All of us at least once had a store bought plant that died too fast. You bought it in a store and you were smart about it. Read everything about caring for it, about required light amounts and you never put it under direct sunlight or overwatered... yet it died.
Usually when a plant ends up in a store, it is repotted in a smaller pot, its roots/bulbs are often wrapped in paper and store employees could’ve put your future plant in a pot without removing it. Paper envelopes roots and prevents them from getting nutritions and minerals from the soil, which stops plant growth. Thus, the plant “suffocates” and dies.
If you saw something resembling a wrapper during the “root inspection”, remove it carefully and rinse the roots with warm water and then repot your plant.
Examine the soil
If your plant starts to wither despite your thorough and proper caring, examine the soil around it. Besides paper wrapper, plants sometimes arrive at the store in small pots or plastic cups; unscrupulous employees will repot them without removing from the cups. The roots will still grow and eventually there won’t be enough space for them and your plant will dry up.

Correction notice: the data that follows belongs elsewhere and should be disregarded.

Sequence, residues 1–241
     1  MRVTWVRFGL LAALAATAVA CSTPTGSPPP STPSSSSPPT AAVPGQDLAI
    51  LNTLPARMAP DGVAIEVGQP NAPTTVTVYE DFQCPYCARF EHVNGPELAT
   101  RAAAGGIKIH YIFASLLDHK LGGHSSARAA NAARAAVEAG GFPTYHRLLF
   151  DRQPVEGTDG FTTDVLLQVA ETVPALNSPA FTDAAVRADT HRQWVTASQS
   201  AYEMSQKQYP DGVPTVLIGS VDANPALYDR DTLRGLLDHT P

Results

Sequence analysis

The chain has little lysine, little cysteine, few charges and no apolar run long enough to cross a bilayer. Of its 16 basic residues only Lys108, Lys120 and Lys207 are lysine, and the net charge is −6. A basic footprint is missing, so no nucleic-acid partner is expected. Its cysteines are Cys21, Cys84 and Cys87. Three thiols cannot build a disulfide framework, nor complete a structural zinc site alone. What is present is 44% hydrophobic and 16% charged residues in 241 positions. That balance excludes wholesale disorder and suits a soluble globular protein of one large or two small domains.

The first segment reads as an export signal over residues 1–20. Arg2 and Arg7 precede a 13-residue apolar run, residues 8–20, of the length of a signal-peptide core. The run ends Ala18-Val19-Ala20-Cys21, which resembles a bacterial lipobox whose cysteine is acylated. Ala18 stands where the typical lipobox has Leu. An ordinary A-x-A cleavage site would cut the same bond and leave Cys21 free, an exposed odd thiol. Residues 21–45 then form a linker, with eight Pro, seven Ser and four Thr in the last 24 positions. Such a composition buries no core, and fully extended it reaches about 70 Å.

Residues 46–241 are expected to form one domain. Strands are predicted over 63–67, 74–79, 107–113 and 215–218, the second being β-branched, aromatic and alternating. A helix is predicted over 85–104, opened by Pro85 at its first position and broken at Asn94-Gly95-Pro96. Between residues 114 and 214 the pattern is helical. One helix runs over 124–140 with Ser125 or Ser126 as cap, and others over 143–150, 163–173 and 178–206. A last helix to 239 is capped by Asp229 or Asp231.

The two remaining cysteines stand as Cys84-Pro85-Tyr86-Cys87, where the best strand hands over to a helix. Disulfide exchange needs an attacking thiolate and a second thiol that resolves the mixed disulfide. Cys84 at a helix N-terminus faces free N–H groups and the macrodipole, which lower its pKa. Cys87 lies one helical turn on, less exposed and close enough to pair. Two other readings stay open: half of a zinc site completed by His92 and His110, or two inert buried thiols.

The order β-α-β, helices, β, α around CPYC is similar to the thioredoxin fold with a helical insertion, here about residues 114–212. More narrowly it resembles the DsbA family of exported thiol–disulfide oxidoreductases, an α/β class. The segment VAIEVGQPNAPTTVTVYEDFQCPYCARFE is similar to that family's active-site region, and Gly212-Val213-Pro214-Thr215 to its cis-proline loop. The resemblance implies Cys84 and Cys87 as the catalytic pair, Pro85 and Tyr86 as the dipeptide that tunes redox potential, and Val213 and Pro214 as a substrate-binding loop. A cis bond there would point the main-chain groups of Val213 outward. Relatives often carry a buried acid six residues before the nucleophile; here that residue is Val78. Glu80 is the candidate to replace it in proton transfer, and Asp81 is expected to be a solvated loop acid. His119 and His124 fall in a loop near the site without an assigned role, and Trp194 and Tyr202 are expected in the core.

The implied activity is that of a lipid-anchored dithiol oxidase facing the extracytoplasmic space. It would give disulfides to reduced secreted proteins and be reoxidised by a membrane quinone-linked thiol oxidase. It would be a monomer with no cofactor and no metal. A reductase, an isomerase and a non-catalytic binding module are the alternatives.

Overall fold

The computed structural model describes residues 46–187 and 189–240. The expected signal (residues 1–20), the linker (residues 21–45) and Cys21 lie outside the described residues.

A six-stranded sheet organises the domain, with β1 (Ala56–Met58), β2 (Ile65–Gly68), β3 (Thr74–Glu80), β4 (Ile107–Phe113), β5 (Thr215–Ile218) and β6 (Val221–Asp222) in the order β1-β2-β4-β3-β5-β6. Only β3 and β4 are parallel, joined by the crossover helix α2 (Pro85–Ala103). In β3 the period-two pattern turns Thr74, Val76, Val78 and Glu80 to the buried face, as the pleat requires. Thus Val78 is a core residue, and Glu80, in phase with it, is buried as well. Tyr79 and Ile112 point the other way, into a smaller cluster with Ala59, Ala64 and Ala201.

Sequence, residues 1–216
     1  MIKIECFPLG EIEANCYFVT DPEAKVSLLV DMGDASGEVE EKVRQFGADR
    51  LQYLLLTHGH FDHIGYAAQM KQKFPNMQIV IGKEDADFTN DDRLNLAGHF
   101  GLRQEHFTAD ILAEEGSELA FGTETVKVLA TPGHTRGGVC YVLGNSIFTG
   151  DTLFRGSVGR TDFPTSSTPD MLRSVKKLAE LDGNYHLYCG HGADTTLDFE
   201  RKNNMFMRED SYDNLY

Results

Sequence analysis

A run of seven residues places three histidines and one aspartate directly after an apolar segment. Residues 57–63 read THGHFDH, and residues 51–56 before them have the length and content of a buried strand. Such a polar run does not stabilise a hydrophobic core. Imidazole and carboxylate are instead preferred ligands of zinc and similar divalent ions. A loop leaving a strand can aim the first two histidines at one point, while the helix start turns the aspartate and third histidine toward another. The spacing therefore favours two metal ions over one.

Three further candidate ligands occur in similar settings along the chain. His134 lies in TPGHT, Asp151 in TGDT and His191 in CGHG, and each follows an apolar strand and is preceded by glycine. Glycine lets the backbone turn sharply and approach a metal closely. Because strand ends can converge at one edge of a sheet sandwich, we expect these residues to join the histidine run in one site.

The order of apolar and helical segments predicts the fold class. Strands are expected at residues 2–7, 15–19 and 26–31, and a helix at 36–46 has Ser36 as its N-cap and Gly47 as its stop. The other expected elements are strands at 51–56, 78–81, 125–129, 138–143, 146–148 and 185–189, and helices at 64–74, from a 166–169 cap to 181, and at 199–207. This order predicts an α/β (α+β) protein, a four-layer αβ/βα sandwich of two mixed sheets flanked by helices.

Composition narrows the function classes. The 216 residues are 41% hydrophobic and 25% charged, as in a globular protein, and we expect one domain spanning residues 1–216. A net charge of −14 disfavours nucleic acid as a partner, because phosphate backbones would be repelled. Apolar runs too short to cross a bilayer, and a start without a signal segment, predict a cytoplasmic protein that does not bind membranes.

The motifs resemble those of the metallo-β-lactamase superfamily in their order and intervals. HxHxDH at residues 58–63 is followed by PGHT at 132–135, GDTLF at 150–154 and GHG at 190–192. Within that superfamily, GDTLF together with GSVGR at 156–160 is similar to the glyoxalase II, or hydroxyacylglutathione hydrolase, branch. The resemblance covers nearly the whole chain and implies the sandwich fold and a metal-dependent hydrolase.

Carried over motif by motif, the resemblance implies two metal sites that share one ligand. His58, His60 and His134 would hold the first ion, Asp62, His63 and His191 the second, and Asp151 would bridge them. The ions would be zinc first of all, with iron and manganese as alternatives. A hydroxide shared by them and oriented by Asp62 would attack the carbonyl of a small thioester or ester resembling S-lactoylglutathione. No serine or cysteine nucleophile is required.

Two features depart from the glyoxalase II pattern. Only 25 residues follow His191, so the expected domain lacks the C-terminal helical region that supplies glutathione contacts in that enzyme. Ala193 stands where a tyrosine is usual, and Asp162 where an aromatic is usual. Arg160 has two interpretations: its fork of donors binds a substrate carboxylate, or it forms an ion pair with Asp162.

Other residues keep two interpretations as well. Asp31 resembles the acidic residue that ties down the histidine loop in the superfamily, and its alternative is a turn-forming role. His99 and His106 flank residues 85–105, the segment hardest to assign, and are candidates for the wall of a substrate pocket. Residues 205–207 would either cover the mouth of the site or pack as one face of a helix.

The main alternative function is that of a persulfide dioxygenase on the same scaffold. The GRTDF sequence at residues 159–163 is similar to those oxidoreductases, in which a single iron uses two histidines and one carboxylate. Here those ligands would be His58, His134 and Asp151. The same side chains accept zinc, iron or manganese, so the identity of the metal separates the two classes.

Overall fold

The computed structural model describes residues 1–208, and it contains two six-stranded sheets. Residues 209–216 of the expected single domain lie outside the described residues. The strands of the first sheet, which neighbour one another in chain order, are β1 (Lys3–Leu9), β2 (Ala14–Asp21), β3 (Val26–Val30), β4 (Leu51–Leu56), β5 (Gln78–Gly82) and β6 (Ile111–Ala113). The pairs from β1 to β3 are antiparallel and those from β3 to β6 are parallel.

Carefully remove your plants from the pot and try not to damage its roots. To make it easier, put your plant in the water for 24 hours to soak.
It’s important to choose the right pot that will fit your plant's root system.
Don’t leave your plant in a gift wrapper. The plant doesn’t care about its appearance and how good and festive it looks. Any wrapper can “suffocate” your plant. If the bottom of it’s pot wrapped too, the water won’t come out properly from the drainage holes and your plant will rot.
Examine your future plant before buying it. Carefully examine the leaf’s axils and blades. Pests can not only slow down your plant’s growth and kill it, but also they can easily spread to all your flowers nearby.